Due to a grave overuse of isolation rooms in schools many states have adopted stricter laws around how and when they can be used. While this has caused many educators to think differently on how they can support students when they escalate, it has left some wondering what other options they have, especially when working with students on the autism spectrum. Here are some tips for “thinking outside of the box” to support students with autism who escalate.
1. Ensure staff are trained. Think of this as more of a prerequisite to even be able to consider alternatives to isolation. Students who have the potential to escalate must be supported by staff who are formally trained in de-escalation. There are options for such training in every state. There should be no reason why staff aren’t properly equipped to do this tremendously difficult and complex job.
2. Have a solid behavior plan in place. Again, this is more of a prerequisite, but educators need to be looking at the roots of behavior. What is being done to build up their student’s capacity to tolerate triggers? How is behavior being reinforced? What is the data saying? Having an ongoing discussion about effective behavior change can’t take place unless there is a plan that is being followed.
3. Avoid getting to last resort. Despite cases of improper use, isolation rooms are not intended as places of punishment or resting. Isolation rooms are intended as a LAST RESORT precaution to promote safety during an escalation. As was noted in my de-escalation series, there are many other individualized strategies that should be used long before we ever get to a last resort option. De-escalation is not a space, it is a proactive and appropriately reactive way in which we support students who escalate in a safe and ethical manner. Having a student access such a space should not be in the plan for most, and for those that have it careful attention needs to be paid to using other strategies to avoid getting there.
4. Identify what you are replacing. The escalated student is seeking and needing an escape from the overwhelming stressors that they are encountering. It is believed that the reduction of auditory and visual stimuli paired with the removal of stressors that an isolation room may provide can increase safety and potentially expedite the de-escalation process. So when we talk about alternatives, we need to recognize that we are talking about other ways in which the student might find a more appropriate escape. This might mean having them access a quieter part of the school, such as the track or playground. It might mean providing them with headphones and calming sensory strategies there in the classroom, or it might mean having some of the other students vacate the area for a few minutes. When we talk about replacing isolation rooms, we are not exclusively talking about the changing of a location. De-escalation is not a place, it is a process with options. We will always have the flexibility to switch out which strategies we might use to help a student properly find that escape they seek.
5. Think of what might comfort the student. Many students with autism prefer smaller, tighter places at different times of their day or when they become upset. Here is a great example I found at an alternative school in the Seattle area. It is just a small 5 sided box with very comfortable carpeting on the inside. Students are allowed to access it at any point in there day, promoting independence in self-regulation. Some students are going to want to sprawl out on a beanbag, whereas others will be looking for something more enclosed. For my high school students, I created what you see below. We called it the “fort.” It was a series of partitions making an almost full enclosure, but enough space for the student to get in and out of on their own as they wished. I used a soft mat to place over the top if the student preferred the dark. Everything was bolted together for safe stability. It was placed in my classroom and often times was very successful at providing my students exactly what they needed in a difficult moment without having to resort to something more intrusive.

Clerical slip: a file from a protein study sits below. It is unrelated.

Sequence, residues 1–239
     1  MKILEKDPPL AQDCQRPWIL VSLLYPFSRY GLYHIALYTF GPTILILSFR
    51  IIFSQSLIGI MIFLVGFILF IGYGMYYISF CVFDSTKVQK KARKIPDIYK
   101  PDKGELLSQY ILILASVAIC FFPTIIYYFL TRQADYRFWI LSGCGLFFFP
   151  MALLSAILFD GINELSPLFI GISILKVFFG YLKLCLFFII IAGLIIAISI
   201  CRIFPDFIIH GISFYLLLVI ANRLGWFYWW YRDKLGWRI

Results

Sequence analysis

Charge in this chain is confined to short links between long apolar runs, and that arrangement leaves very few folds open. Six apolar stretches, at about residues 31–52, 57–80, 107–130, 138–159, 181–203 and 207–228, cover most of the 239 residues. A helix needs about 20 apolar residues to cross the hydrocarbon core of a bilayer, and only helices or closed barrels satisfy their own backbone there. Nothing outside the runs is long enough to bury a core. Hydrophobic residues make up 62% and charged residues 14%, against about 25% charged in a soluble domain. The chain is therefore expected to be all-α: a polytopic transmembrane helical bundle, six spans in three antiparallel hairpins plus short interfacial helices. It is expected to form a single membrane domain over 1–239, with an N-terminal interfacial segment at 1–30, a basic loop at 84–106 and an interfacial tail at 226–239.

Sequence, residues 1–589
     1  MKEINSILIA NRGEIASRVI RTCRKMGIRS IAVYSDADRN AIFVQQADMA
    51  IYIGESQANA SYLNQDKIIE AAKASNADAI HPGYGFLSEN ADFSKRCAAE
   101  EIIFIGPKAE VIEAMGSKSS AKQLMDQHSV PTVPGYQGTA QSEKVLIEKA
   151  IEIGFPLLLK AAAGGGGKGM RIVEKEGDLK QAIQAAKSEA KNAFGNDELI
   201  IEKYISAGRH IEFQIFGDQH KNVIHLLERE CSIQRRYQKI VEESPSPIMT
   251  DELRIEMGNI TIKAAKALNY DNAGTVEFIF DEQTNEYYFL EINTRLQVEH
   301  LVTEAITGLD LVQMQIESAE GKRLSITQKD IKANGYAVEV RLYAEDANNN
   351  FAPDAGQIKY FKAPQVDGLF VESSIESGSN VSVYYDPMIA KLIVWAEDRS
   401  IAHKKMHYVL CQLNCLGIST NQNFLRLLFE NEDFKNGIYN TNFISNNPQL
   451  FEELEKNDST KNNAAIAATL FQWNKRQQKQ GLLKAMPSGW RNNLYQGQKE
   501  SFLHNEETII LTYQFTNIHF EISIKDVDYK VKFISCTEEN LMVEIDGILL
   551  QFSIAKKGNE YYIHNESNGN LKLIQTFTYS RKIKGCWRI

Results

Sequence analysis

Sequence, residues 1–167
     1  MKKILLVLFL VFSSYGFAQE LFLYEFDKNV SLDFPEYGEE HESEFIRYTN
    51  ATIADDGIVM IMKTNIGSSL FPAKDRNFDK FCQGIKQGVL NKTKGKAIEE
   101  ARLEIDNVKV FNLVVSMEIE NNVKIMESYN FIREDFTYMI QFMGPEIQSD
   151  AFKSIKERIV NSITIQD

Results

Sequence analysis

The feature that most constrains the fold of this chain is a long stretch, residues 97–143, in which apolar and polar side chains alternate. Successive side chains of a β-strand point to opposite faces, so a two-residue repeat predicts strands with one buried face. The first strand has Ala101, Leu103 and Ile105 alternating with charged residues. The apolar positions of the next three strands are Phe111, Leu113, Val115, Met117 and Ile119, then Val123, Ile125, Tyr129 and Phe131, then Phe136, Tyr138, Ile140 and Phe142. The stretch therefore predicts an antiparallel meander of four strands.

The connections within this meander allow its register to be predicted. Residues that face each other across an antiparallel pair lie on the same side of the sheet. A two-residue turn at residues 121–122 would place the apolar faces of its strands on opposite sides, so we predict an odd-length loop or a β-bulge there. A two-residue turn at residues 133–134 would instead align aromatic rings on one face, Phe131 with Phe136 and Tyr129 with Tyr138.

6. If you can, give them something to do. Some students will benefit from having access to stress balls, brushes, or music. For others, it will cause them to escalate further. You must know your student, but consider what you can give them to do while they de-escalate. Consult with your occupational therapist about potential calming strategies to meet the sensory needs of your student. Here is an example from the Autism Helper with what her de-escalation space looks like fully equipped.
7. Have the student help spruce up their place of de-escalation. When escalated, students with autism can be destructive and they may be reluctant to go to an area that they only visit when they are not at their best. Having your student spend some time in this space doing more desired activities or having them decorate it with some of their favorite pictures may aide with their outlook on this area. This ultimately may help with their willingness to go there when they are escalated.
8. Remember to reinforce. I cannot say this one enough. Students with autism using appropriate de-escalation strategies in a time when their cognitive functioning is limited must not go without reinforcement. Whether it be a special note home, extra computer time, or praise from the principal, these actions must be supported if we wish to see them again.
In the same way we need to “think different, not less” for our students with autism, when it comes to intrusive de-escalation strategies to support them we must “think different, not more.” While safety is always going to be the paramount concern, adding more walls and more barriers around our students in the long term will not equate to them being equipped to navigate their life ahead. Continue the hard work of helping your students do more with less.